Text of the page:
Father Francisco delivered the homily for the Thirtieth Sunday in Ordinary Time at the 9:30 A.M. Mass at our Cathedral in Reno Nevada, on the first reading where it says, “וְגֵר לֹא-תוֹנֶה, וְלֹא תִלְחָצֶנּוּ: כִּי-גֵרִים הֱיִיתֶם, בְּאֶרֶץ מִצְרָיִם.” “The traveler in your land you will not treat overbearingly and you will not press upon him. You were strangers in the land of oppression.”
In relation to this, Father Francisco discussed the immigration issue, in particular as it relates to the Arizona Immigration law and other laws coming into place in the Deep South and elsewhere. Father Francisco alluded to the fact that almost all Americans, excluding Washoe, Paiute, and the other so-called Native American tribes, are all immigrants to this land. We have on our Lady in the Harbor in New York City, “Give me your tired, your poor, those yearning to breathe free.”
Father called to mind that our Eucharist comes ultimately from the words of Deuteronomy 5:1-6:
“Moses called all those who quarrel with God, and told them: Hear, You Who Quarrel with God, the customs and correct judicial precedents, which I speak in your ears this day, that you may learn them, and guard to do them. The Personal Name our Mighty Judge cut a Social Contract with us in Horeb. Not with our Fathers did he cut this Social Contract, but with us, each of us, standing here, alive, this day…” Remember, “I am the Personal Name your Mighty Judge, who brought thee out of the land of Oppression, out of the house of bondage. Thou will have no other gods before my face.”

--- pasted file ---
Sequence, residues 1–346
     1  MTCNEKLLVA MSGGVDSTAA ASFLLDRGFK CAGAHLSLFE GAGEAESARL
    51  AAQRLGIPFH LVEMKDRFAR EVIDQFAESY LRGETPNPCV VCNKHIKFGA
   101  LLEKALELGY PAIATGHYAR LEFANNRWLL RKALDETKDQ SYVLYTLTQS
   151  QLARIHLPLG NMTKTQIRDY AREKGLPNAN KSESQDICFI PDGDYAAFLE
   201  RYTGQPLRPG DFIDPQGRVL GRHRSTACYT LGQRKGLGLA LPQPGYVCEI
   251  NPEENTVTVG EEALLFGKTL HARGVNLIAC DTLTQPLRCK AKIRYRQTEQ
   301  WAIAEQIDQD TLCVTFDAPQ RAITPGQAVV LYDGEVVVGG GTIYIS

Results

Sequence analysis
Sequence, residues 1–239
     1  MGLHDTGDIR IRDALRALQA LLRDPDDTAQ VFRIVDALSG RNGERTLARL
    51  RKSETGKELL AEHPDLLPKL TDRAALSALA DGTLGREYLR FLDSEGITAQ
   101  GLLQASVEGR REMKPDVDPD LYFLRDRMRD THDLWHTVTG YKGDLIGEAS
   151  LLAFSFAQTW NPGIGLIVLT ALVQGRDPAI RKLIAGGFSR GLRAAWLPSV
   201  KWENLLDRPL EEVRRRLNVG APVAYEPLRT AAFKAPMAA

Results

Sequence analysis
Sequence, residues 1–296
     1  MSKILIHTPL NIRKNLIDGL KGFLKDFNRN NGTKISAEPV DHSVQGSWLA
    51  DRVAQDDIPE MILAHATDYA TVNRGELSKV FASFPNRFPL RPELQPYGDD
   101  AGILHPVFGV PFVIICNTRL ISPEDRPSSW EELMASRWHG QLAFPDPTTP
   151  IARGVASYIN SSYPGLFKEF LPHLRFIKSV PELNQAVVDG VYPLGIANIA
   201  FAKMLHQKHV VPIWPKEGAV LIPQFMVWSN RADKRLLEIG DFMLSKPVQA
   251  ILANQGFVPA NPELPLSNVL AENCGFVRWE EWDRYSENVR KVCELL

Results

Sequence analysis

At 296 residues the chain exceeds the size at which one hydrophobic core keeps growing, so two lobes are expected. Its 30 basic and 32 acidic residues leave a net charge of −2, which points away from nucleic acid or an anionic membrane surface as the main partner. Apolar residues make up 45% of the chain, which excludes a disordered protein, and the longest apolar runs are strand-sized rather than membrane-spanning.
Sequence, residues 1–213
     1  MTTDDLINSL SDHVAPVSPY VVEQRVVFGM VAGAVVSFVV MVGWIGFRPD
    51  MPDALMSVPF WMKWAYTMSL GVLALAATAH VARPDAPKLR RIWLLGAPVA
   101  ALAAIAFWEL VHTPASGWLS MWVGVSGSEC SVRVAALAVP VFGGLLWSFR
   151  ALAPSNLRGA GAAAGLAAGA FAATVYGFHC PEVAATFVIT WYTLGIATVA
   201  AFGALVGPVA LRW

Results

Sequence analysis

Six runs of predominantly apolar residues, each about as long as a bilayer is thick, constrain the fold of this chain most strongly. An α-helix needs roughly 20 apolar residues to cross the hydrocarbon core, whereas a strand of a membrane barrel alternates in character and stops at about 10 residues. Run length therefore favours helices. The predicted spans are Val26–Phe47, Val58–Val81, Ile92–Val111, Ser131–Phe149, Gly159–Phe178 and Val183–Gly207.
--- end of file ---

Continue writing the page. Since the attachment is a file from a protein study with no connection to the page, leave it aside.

Jewish Passover celebration looks at that part of the text which says, “Not to our fathers did he cut this Social Contract, but with us, each of us, standing here, alive, this day.” Passover Seder is the reliving of this event for the first time, each time they celebrate their escape from Oppression. Eucharist is the celebration of Jesus’ Last Supper, a celebration of Passover Seder. In the Eucharist, we relive for the first time, each time, Jesus Passion and resurrection.
The text continues, “You will remember that you were a servant in the land of Oppression, and the Personal Name your Mighty Judge brought you out thence by a mighty hand and by an outstretched arm; the Personal Name your Mighty Judge commanded thee to keep the Sabbath day.”
Father Francisco pointed out that repeatedly in Deuteronomy and Exodus, in the prophets, and in the Gospels, the essence of Judeo-Christianity is concern for the less fortunate, in particular those who are not of our kind, who are not Catholic, not US Citizens, not Irish or German, Anglo Saxon, or Italian. Through our ancestors, we all know what oppression is. Therefore, when we see our neighbor oppressed we must act. This includes the oppression we see going on in states like Arizona with their wicked immigration laws.